The Dyscovery Centre at the University of South Wales has been awarded more than £9,000 funding from the Richard Benjamin Trust to conduct research into neurodiversity in adults.
Dr Catherine Purcell, Senior Research Fellow and Sally Scott-Roberts, Senior Lecturer and Clinical Specialist Occupational Therapist, will carry out a participatory emancipatory research project.
They will aim to elicit the strategies that neurodiverse adults use to develop a series of guides to success, as a resource for other adults struggling with neurodiversity, a condition which is often chronic with prominent symptoms and secondary consequences spanning into adulthood.
Within any typical population, 10% of individuals will present with neurodiverse profiles that negatively impact on daily life. Most previous research on neurodiverse groups has concentrated on their deficits; however, adults living with neurodiversity regularly make successful adaptations, often unconsciously, resulting in strong pathways of resilience leading to positive outcomes in higher education, employment, relationships and daily activities.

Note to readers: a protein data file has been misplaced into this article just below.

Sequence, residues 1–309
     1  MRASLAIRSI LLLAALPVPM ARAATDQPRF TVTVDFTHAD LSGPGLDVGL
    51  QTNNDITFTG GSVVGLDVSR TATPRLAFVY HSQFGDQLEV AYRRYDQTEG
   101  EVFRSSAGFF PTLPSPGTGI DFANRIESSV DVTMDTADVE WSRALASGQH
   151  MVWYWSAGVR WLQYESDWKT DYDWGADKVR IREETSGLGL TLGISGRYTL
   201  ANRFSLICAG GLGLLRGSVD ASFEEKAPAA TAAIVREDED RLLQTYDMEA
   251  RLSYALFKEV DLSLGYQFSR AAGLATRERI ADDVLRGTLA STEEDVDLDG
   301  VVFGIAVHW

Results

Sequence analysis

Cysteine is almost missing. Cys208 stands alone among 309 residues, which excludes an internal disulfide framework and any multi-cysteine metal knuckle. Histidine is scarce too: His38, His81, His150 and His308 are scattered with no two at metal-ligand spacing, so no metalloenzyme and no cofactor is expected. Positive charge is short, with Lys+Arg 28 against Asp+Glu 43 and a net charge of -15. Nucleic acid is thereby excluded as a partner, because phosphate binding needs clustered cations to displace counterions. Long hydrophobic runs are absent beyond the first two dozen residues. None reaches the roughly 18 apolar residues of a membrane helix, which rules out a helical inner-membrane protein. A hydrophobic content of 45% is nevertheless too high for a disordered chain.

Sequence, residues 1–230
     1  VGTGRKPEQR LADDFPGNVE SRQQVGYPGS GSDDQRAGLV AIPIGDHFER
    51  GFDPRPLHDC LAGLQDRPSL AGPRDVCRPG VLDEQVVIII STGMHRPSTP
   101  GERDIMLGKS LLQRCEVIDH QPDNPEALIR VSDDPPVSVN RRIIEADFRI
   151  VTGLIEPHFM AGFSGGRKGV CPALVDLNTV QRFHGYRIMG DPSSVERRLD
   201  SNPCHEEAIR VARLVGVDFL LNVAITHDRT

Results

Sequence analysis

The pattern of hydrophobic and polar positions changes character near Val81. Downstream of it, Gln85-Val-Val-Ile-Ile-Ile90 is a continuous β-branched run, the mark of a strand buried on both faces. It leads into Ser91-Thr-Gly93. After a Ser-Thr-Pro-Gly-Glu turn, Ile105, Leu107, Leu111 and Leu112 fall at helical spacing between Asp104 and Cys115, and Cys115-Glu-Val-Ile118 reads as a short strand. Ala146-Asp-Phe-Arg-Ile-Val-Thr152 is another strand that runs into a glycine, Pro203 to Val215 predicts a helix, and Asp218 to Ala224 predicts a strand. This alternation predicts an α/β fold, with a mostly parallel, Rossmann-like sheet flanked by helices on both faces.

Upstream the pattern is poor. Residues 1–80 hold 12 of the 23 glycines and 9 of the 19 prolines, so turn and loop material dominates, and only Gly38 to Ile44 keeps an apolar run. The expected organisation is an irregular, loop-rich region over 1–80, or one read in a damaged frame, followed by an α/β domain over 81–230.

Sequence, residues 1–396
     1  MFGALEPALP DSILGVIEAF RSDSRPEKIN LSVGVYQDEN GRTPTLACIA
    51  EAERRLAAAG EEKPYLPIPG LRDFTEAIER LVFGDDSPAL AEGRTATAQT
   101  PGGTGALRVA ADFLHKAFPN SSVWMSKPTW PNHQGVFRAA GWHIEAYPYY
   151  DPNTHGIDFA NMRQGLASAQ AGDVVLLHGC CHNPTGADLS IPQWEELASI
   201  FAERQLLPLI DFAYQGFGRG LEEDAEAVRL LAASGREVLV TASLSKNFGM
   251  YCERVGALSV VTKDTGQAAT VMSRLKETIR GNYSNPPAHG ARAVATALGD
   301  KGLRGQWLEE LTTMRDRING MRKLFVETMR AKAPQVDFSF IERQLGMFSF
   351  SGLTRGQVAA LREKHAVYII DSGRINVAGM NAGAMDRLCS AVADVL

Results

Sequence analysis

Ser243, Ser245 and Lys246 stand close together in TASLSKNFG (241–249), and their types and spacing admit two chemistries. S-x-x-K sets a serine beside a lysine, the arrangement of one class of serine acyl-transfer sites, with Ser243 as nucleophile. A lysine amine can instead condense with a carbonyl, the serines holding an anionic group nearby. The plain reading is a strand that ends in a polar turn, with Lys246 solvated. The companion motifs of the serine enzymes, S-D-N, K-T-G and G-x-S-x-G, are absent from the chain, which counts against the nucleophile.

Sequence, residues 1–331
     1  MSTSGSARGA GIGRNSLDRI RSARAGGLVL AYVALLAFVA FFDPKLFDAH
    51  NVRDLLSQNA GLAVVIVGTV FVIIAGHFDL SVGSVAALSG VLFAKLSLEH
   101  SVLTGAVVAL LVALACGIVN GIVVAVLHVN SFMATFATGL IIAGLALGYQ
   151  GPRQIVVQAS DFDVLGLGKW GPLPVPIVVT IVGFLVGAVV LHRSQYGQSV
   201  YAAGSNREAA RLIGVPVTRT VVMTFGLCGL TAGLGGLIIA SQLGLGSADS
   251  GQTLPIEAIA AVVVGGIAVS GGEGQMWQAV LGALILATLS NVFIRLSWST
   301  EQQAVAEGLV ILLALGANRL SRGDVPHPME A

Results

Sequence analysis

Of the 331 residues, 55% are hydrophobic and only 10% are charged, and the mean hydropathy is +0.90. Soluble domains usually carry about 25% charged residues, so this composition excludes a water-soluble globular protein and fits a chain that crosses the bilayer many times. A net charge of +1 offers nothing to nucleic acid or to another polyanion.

The Richard Benjamin Trust supports innovative research in social and occupational / organisational psychology that has the potential to make a difference to families, organisations and communities and to people’s lives.